Call to protect HR 676, the model single payer bill. Patients not profits!

Serious attempts are being made to undermine HR 676 by removing the ban on investor-owned, for-profit hospitals, nursing homes, and other institutions. This effort to gut HR 676 is being done in the face of multiple studies showing that private for-profit hospitals and other facilities have higher costs and produce poorer outcomes.

A recent article by two prominent health policy researchers on the influential Healthcare Affairs website looks at just how much it might cost to remove all for-profit entities from the healthcare system under HR 676 and concludes that it might even save money.

Below we reproduce that portion of the article that examines the removal of investor-owned hospitals and other for-profit facilities. We urge you to call Congresswoman Pramila Jayapal’s office (202) 225-3106 and tell her to protect HR 676 by keeping the ban on for-profit hospitals and other facilities. Patients not profits.

The Future Of Investor-Owned Care

The House single-payer bill envisions a buyout of the investor-owned facilities needed to provide care under the single-payer system, while the Senate version would leave them in current hands.

Proponents of the House approach acknowledge that many non-profit health care organizations have drifted far from their charitable roots. However, they cite evidence that for-profit providers (including hospitals, dialysis centers, nursing homes, home care agencies, and hospices) provide inferior care at inflated prices (see, for instance here, here, here, here and here) and are more likely to bend care to profitability (see here, here, here and here). For-profit hospitals spend less on nurses and other clinical aspects of care, but more on administration and financial management; for-profit chains have often been cited for questionable business practices and have been repeatedly implicated in large scale fraud (see here, here, here and here).

According to CMS, for-profit nursing homes are cited for quality deficiencies 28 percent more often than non-profits, and for deficiencies that place residents in immediate jeopardy 53 percent more frequently. Investor-owned home care agencies cost Medicare $752 more per patient than non-profit agencies, while providing worse care.

Yet even some who would prefer to exclude investor-owned facilities from a single-payer system worry about the cost of a buyout. In conversations with Congressional aides, some have suggested that these costs could amount to $1 trillion or more, although none could cite a source for that figure. While it’s not clear exactly how to value the assets of investor-owned medical facilities, estimates of their current capital assets and of their stock market valuations provide some guidance.

In the detailed cost reports filed with Medicare covering fiscal year 2016 (the most recent year for which virtually all reports are available), all for-profit hospitals taken together reported total capital assets of $97.845 billion at the start of the year, and additional purchases totaling $7.453 billion (Himmelstein & Woolhandler, unpublished analysis of hospital cost reports). So the total capital stock of all for-profit hospitals - including not just acute care hospitals, but most other inpatient facilities besides stand-alone nursing homes - totaled $105.298 billion. (The comparable figure for non-profits is $718.628 billion).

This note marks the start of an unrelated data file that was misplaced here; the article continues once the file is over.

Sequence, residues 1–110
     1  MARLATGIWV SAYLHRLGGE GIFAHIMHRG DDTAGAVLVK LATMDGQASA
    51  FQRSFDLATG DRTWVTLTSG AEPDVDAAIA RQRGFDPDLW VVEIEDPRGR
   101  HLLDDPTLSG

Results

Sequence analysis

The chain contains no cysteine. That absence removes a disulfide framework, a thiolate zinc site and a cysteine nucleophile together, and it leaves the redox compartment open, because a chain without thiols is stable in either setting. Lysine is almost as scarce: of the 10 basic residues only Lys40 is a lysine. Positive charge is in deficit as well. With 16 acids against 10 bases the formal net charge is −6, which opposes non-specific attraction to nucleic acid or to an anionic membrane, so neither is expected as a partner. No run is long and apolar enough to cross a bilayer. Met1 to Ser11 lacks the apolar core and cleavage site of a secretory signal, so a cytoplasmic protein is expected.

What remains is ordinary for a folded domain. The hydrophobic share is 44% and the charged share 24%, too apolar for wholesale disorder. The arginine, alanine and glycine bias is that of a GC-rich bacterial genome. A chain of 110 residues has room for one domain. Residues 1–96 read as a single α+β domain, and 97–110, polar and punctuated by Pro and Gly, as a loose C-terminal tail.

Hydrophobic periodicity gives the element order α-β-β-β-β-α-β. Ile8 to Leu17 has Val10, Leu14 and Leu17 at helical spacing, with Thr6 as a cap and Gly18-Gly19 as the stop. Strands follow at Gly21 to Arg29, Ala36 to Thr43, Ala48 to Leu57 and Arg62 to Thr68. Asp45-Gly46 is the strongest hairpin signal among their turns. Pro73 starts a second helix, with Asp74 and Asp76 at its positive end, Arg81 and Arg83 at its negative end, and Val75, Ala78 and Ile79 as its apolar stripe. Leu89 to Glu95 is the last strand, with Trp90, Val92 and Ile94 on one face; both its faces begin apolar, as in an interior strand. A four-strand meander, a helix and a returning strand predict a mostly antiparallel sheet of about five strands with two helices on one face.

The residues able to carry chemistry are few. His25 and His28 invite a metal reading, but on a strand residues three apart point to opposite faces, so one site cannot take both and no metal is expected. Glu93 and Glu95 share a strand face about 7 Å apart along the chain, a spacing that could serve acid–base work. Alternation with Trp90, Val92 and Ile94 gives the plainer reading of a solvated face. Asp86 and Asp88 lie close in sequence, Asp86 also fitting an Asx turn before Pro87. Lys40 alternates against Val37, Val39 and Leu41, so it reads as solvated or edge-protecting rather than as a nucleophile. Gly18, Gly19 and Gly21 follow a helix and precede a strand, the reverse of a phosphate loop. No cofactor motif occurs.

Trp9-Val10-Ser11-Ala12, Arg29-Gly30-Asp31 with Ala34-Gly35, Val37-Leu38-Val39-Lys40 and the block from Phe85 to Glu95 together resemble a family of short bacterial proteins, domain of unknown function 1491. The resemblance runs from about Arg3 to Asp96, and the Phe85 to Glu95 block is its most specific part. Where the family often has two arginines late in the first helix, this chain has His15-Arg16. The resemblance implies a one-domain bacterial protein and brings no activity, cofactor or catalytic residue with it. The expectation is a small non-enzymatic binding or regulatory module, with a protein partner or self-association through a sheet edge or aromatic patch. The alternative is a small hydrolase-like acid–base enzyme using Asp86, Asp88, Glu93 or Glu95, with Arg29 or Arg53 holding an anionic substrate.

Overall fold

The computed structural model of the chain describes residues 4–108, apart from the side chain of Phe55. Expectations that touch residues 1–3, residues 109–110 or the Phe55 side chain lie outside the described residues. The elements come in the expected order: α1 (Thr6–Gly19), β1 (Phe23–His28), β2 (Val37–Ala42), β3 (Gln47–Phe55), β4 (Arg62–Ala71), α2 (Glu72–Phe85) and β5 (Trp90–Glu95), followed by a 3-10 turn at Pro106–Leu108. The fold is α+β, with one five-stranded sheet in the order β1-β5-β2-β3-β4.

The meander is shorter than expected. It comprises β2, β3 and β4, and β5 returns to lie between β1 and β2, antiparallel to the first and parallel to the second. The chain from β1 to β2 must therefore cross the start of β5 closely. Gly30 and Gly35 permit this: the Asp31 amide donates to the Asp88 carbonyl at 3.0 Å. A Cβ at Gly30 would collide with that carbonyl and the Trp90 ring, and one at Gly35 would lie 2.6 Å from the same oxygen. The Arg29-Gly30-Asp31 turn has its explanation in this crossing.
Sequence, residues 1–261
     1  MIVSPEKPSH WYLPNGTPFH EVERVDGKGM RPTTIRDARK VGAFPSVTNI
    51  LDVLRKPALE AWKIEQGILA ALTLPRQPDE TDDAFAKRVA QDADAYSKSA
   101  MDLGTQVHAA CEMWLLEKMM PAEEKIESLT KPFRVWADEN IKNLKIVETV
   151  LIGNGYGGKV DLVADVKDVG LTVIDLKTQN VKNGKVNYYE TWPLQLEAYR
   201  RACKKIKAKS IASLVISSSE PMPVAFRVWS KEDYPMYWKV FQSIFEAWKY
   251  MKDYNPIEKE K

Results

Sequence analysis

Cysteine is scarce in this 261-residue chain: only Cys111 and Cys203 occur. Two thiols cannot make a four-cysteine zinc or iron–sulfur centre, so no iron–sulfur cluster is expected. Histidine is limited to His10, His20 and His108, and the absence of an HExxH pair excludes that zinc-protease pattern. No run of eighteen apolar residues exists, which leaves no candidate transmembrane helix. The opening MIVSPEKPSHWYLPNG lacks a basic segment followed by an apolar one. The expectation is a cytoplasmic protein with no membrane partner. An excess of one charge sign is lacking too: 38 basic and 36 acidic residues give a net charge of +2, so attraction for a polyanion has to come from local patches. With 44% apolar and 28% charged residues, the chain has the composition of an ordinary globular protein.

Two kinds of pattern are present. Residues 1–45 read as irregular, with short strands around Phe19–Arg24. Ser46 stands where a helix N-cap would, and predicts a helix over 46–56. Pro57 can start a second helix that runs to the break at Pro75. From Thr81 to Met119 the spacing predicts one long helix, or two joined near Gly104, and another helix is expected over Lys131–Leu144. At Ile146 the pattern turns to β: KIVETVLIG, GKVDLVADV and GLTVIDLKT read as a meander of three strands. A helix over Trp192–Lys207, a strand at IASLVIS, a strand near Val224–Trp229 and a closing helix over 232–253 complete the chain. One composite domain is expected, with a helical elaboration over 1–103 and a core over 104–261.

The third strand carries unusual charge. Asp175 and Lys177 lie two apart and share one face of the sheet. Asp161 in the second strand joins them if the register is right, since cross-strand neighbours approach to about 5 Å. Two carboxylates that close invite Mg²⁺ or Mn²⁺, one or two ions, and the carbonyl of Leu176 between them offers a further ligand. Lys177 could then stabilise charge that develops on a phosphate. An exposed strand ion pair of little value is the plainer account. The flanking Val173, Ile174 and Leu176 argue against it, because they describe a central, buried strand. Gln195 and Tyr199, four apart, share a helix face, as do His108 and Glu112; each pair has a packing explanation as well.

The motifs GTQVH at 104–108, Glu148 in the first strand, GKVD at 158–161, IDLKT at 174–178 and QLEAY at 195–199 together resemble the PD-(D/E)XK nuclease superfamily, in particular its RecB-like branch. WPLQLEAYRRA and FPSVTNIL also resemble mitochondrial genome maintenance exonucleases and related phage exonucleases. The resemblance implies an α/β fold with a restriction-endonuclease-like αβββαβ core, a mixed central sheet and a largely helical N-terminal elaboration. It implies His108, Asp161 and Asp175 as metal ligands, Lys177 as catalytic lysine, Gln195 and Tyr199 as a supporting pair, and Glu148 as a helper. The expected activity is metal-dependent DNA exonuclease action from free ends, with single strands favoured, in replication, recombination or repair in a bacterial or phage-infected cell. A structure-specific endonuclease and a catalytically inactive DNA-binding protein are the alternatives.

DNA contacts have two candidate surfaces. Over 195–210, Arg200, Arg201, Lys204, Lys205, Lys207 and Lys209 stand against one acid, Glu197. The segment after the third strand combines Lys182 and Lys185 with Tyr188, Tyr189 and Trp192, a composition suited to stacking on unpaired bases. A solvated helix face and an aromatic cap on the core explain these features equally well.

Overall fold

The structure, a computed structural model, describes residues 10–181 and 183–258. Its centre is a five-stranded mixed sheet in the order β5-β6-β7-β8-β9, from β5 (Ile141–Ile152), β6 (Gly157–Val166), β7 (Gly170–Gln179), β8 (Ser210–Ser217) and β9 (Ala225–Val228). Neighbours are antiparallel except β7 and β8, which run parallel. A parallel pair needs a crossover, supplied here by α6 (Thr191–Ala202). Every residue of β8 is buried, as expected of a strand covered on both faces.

Since most investor-owned providers also carry debt, it’s not surprising that the capital asset figures are considerably higher than the stock market value of the firms that own the facilities. As indicated in Exhibit 1, the market valuation of the five publicly-traded firms that account for the vast majority of for-profit hospitals totals $50.071 billion. While data on the market value of the (smaller) privately held for-profit hospital chains is not available, the value of the larger chains, and past sale prices for three of the privately-held firms, suggests that they’d add only several billion to the total.

Exhibit 1: Market Value Of Investor-Owned Health Care Providers

Source: Health Affairs

Notes for Exhibit: Figures for market capitalization for firms that are included in the Fortune 500 were taken from Fortune June 1, 2018.  Other figures are from Google Finance and other online sources, searched October 26, 2018.

* Privately-held firm, no market capitalization or recent sale price data available

** Figures include value of dialysis supply business as well as health service delivery.  Fresenius figure is adjusted for share of business in U.S.

*** Figures for some nursing firms include value of senior living communities

Similarly, as Exhibit 1 shows, the total value of shares in publicly traded nursing home firms, rehab, dialysis, and home care and hospice providers is relatively modest: less than $50 billion. And these valuations (which fluctuate from day-to-day) include aspects of the businesses that would not be included in a buyout, e.g. the value of real estate devoted to senior living communities, or the roughly 15 percent of DaVita’s business that’s unrelated to dialysis and the 20 percent of Fresenius’ revenues attributable to sales of products such as dialysis supplies.

Overall, the fair market value of investor-owned facilities covered by a buyout, whether assessed by capital stock or stock prices, seems unlikely to exceed $150 billion. Purchasing these assets using Treasury Bill financing over 15 years at the current interest rate of 3 percent would cost about $12.75 billion annually, equivalent to about 1 percent of annual hospital costs. Moreover, even in the short term, some or all of these costs would be offset by savings on profits, which totaled more than $6 billion in 2017 for just three of these firms (HCA, DaVita and Fresenius).

Bottom line: A buyout of investor-owned facilities is affordable. Indeed, it might well lower costs.